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Nearly one-third of vineyards certified sustainable

Tim Hearden Vineyard producing grapes
A vineyard in Sonoma County, Calif., produces wine grapes.
California Sustainable Winegrowing Alliance releases third annual report

Nearly one-third of California's vineyards representing more than 85 percent of commercial wine production are certified under a statewide sustainability program, according to a new report.

As of December, 149 wineries producing 255 million cases and 2,097 vineyards representing 29 percent of California's wine grape acreage (184,818 acres) were credited by the California Sustainable Winegrowing Alliance for their practices, according to the group's third annual report released Feb. 4.

The Golden State remains the global leader in sustainable winegrowing practices, with one of the most widely adopted sustainable winegrowing programs in the world in terms of both winegrape acreage and case production, according to the alliance.

“The California wine community has shown that sustainable practices and certification can be scaled up and is applicable to vineyards and wineries of all sizes throughout the state," said Allison Jordan, Executive Director of CSWA. "As the fourth largest wine producer in the world, this means significant benefits for the land, natural resources and communities—both now and for future generations."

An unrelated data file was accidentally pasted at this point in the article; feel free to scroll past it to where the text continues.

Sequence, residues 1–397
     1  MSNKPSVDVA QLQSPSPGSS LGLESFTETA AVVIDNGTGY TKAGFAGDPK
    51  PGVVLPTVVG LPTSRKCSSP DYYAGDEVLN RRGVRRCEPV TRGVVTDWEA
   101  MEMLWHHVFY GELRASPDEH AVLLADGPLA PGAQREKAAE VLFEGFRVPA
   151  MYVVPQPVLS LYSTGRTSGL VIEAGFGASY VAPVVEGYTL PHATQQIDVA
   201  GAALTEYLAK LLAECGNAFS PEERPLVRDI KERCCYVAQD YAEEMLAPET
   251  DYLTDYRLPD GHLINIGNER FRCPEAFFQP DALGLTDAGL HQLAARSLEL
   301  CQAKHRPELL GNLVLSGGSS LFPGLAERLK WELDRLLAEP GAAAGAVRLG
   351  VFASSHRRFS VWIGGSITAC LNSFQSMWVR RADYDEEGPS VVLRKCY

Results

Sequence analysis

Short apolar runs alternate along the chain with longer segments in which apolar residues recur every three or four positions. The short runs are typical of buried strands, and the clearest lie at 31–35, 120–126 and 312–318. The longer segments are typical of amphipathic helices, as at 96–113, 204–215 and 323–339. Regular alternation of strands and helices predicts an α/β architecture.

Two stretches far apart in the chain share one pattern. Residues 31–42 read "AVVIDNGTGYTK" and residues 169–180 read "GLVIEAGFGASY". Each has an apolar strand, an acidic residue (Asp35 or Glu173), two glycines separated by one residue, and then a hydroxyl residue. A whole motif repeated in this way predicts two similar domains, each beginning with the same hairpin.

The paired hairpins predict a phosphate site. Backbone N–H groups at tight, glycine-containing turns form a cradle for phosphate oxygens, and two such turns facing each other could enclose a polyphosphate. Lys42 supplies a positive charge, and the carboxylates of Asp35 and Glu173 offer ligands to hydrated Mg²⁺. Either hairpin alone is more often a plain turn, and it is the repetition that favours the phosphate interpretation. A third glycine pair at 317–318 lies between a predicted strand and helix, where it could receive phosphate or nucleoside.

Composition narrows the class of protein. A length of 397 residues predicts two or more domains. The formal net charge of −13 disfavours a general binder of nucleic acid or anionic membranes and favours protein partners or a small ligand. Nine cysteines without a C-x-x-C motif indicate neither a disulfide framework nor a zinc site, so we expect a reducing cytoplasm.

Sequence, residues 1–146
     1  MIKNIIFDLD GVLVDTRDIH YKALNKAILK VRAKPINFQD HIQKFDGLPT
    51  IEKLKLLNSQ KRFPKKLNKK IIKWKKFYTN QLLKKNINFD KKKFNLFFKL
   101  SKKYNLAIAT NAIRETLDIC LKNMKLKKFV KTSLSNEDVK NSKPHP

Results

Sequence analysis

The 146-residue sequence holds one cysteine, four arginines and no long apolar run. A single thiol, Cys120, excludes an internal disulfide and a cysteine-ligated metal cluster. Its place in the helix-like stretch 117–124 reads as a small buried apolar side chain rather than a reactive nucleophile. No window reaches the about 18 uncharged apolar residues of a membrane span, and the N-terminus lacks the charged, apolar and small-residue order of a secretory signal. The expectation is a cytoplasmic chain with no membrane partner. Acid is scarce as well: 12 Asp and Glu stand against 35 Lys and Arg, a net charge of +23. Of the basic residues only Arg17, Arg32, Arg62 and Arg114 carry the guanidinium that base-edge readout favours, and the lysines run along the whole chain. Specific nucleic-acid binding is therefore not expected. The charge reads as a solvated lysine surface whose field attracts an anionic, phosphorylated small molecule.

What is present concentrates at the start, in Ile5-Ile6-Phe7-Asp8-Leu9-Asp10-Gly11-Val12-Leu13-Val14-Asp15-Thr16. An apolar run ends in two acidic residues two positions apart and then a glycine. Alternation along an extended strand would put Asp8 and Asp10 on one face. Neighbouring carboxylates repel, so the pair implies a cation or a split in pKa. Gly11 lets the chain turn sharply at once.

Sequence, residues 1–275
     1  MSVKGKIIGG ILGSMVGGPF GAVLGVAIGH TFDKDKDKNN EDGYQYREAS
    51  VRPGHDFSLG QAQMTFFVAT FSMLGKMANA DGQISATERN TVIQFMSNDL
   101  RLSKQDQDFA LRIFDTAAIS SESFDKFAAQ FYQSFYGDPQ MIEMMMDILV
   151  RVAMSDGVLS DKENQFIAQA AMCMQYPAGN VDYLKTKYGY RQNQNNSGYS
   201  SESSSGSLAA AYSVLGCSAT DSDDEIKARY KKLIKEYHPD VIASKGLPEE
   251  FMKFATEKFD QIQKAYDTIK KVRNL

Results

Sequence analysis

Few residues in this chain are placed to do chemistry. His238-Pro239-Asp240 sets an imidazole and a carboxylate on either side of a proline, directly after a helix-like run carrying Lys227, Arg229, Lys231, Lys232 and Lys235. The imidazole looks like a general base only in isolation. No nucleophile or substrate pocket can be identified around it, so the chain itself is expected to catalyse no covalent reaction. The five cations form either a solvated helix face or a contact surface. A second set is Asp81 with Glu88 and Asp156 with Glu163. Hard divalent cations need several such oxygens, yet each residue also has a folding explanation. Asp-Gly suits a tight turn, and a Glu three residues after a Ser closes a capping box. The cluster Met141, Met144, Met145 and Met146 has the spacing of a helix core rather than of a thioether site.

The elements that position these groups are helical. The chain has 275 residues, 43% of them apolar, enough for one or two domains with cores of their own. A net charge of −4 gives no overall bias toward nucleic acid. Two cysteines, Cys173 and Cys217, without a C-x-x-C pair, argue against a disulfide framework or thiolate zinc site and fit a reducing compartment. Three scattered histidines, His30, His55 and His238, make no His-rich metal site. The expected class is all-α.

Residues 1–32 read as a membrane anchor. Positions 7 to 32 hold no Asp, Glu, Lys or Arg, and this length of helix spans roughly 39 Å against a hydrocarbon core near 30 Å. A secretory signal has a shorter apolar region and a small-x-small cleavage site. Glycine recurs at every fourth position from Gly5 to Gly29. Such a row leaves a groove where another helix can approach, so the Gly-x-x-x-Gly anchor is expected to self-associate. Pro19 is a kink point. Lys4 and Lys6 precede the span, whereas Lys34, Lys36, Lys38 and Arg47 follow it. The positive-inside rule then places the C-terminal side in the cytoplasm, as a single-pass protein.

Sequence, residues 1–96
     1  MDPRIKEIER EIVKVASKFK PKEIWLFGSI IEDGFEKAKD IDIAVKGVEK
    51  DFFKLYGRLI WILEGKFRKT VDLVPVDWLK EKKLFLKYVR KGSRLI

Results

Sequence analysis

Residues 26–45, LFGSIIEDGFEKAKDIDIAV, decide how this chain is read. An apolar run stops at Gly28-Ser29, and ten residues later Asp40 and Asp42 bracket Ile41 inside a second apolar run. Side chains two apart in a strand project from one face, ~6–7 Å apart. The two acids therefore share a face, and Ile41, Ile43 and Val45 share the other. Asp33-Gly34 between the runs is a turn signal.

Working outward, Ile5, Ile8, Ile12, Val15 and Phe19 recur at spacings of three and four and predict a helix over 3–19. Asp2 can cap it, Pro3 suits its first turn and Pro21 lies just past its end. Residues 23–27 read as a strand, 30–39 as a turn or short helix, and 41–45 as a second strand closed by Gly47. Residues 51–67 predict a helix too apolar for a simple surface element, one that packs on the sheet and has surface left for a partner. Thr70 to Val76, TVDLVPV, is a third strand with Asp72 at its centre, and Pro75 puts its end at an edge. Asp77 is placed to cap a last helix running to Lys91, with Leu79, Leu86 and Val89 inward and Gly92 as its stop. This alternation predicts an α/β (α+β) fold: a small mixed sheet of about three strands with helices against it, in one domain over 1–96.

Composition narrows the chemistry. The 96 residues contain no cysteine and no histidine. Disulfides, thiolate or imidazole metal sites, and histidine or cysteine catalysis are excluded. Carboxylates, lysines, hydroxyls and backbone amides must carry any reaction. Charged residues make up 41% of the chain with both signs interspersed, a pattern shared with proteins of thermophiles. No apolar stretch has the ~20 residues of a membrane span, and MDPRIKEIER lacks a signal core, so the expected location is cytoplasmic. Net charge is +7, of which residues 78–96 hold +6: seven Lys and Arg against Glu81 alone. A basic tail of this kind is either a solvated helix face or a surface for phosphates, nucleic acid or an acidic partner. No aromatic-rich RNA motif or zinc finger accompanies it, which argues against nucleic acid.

The report's release coincided with the start of the 26th annual Unified Wine and Grape Symposium, held Feb. 4-6 in Sacramento.

In 2019, CSWA’s third-party certification program had a 50 percent increase in the number of certified vineyards and a 4.2 percent increase in the number of certified wineries, according to the report. View a list of current certified vineyards, wineries and wines here.

Another 15 percent of California vineyard acreage is certified to other state sustainability programs, including Fish Friendly Farming, Lodi Rules, Napa Green and Sustainability in Practice (SIP), the alliance reports. All the programs play an important role in the industry's efforts to produce high quality wine that is environmentally sound, socially equitable and economically feasible, group members said.

The CSWA launched its certification program in 2010 and updated it in 2017. The voluntary program imposes stringent vineyard and winery requirements in the areas of soil health, water and energy conservation, habitat preservation, natural pest control and other aspects of production.

Wines from the 2017 vintage were the first to display a newly developed certification logo, and 972,174 cases of wine from the 2017, 2018 and 2019 vintages are available or coming soon to the marketplace, according to the CSWA.

To view the CSWA's annual report, click here. To read more about sustainable winegrowing requirements for certification, visit the CSWA Certification page.

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